What is undeniable is that weather conditions in 2018 were far from straightforward, with all sorts of extremes that both threatened and assisted quality grape production. Hailstorms in May and July caused damage, with a big one falling on the same day France won the football World Cup. A very wet winter was followed by a particularly damp spring, with rain lasting through till the latter half of June. This meant that one of the five conditions for a perfect red wine vintage, as laid down by the Oenological Research Unit from the Institute of Vine and Wine Science at Bordeaux University, could not be met: namely no significant rainfall after fruit set.
Downy mildew was a major problem throughout much of Bordeaux, with yields reduced accordingly. Christian Seely, general manager of Pauillac second growth Château Pichon Baron, admitted that “mildew pressure was so virulent that it was extraordinarily scary.” Organically or biodynamically farmed vineyards were especially badly hit, with Margaux third growth Château Palmer’s yield cut to a mere 11 hl/ha. By contrast, neighbouring estate Château Rauzan-Segla, which is conventionally farmed and could spray against downy mildew, produced 28 hl/ha (down from a normal yield of 40 hl/ha). Timings of sprayings were still crucial, with Seely declaring that being out by as little as two hours could prove too late.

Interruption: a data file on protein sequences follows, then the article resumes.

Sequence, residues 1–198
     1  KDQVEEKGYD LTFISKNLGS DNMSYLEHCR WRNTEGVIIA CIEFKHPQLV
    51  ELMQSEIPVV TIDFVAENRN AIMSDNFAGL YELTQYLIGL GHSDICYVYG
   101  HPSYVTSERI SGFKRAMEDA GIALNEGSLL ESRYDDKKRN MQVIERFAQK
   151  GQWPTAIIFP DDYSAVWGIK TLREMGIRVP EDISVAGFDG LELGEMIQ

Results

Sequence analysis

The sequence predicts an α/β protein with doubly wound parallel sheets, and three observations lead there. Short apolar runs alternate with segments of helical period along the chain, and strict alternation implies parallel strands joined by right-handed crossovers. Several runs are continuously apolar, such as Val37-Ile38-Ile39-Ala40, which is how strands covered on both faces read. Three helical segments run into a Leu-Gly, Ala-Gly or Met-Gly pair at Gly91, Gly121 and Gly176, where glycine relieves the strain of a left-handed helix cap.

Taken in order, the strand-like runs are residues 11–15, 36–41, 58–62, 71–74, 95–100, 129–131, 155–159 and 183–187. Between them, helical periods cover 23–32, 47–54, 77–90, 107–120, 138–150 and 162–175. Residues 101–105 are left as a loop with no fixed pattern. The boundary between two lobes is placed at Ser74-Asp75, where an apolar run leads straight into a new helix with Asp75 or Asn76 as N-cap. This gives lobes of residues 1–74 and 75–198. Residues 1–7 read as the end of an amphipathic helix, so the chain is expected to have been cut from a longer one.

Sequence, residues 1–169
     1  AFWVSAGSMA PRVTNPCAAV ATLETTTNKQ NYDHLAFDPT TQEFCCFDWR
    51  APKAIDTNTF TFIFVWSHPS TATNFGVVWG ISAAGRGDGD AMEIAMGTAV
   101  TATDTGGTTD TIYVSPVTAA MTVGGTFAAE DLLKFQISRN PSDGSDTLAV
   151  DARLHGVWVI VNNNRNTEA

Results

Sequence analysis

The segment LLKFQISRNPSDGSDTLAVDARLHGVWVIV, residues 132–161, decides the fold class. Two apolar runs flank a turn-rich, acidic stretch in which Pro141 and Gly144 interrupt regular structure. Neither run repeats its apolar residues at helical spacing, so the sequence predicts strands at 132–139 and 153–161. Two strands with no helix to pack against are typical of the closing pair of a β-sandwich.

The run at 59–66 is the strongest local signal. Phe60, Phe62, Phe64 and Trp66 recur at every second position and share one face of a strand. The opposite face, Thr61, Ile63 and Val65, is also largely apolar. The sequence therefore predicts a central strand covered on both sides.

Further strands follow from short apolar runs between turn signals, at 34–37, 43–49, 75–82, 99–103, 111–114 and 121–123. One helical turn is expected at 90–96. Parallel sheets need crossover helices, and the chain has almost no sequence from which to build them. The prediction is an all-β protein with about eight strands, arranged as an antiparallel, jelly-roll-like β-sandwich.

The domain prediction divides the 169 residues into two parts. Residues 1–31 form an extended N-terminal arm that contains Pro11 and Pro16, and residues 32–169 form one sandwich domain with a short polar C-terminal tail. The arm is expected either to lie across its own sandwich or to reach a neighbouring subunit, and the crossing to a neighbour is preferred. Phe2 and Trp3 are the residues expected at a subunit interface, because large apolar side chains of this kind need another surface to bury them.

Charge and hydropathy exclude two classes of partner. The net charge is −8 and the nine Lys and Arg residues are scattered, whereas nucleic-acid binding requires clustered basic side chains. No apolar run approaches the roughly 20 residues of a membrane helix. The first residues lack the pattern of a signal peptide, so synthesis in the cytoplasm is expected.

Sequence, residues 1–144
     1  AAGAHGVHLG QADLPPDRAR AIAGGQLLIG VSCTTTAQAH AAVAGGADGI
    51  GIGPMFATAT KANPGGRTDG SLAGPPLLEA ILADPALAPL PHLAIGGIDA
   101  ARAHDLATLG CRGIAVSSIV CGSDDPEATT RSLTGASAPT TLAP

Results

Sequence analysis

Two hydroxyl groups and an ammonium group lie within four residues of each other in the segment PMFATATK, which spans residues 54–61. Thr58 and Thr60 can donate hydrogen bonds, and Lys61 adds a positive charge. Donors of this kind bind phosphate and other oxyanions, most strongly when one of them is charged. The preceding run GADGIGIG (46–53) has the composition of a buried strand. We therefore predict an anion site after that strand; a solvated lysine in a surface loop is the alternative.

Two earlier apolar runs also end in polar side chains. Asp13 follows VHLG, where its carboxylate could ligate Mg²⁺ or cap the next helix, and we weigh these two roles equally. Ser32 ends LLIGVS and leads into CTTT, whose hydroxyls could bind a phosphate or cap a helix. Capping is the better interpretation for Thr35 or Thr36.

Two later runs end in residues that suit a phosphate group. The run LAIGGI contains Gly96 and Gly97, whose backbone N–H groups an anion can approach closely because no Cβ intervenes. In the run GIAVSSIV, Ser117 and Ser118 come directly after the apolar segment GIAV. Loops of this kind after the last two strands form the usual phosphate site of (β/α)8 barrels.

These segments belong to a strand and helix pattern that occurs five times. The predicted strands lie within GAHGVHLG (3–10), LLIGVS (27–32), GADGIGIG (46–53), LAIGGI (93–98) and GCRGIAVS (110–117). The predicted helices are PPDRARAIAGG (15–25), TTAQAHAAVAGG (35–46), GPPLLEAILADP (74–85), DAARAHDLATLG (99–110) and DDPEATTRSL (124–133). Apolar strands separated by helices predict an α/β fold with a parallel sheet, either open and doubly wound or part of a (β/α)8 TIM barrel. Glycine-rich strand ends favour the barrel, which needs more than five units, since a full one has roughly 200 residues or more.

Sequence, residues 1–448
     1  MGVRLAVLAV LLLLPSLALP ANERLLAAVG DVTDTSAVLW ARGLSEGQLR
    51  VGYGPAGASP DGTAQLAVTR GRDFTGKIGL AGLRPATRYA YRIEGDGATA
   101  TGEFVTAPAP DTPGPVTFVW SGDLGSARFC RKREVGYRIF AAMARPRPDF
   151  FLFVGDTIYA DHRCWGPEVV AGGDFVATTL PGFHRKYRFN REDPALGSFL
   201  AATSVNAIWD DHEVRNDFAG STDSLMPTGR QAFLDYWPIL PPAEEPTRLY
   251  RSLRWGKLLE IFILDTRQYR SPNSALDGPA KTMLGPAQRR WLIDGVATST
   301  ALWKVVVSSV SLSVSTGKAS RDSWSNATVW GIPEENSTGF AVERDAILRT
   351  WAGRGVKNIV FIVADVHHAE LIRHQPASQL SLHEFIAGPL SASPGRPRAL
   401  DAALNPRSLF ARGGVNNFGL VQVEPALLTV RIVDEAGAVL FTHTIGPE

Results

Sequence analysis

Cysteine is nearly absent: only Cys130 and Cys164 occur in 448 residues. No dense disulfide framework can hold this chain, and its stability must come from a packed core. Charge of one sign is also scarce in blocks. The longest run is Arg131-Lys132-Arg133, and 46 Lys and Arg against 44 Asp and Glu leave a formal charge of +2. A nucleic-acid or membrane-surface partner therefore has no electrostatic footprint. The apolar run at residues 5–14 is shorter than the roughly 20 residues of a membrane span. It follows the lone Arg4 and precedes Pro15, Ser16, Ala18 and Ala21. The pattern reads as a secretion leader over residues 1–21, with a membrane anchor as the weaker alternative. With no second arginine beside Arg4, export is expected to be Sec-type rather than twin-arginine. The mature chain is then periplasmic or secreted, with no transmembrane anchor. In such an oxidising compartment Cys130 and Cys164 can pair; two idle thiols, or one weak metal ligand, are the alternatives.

Crucially, though, flowering, which began in late May under satisfactory conditions, was thankfully quick, ending within ten days with very little ‘coulure’ (where small berries fall off due to shrivelled stems). The timing was fortunate as rain then fell from 9-18 June before sunny weather arrived for most of the rest of the month.